Courtesy of Clutch Magazine
Earlier this week, Touré published an epic article in The Washington Post detailing “how America and hip-hop failed each other.” The piece explored how the genre that once expressed pro-black sentiments and sang about the ills of drug abuse in the community transformed itself into an art form that glamorizes street life and whose audience is primarily white.
When its audience was black, hip-hop embraced black nationalism, Afrocentrism, and social consciousness; it was rebellious and almost always anti-drug. After the audience whitened, many MCs embraced criminality and sold the image of the criminal black man. Black nationalism was out, embodying drug dealers was in.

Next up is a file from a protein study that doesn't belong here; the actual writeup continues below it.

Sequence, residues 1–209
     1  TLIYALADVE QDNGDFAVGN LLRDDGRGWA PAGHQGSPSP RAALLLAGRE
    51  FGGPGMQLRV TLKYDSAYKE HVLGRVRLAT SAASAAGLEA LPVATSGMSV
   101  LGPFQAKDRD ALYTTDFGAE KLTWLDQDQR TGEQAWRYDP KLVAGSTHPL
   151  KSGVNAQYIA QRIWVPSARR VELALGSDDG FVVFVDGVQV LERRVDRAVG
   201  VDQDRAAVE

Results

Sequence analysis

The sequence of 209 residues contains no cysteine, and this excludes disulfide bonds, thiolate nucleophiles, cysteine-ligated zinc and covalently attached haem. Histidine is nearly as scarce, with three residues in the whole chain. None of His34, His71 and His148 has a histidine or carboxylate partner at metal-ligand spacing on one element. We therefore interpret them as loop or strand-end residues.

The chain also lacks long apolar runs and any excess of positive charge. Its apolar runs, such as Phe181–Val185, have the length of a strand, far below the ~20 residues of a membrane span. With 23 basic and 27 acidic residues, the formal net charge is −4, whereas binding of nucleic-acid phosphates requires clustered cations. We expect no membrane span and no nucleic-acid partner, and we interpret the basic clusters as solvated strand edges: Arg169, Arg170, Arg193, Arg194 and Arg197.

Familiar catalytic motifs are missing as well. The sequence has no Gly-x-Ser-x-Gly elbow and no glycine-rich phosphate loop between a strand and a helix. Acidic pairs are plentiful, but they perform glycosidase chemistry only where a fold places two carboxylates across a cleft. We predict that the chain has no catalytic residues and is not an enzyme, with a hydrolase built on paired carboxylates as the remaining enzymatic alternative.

In the article Touré also surmises that the effects of the war on drugs and the influx of crack in the 1980s led to hip-hop’s transformation from “CNN of the Ghetto” to the braggadocios soundtrack about living life on the wrong side of the law.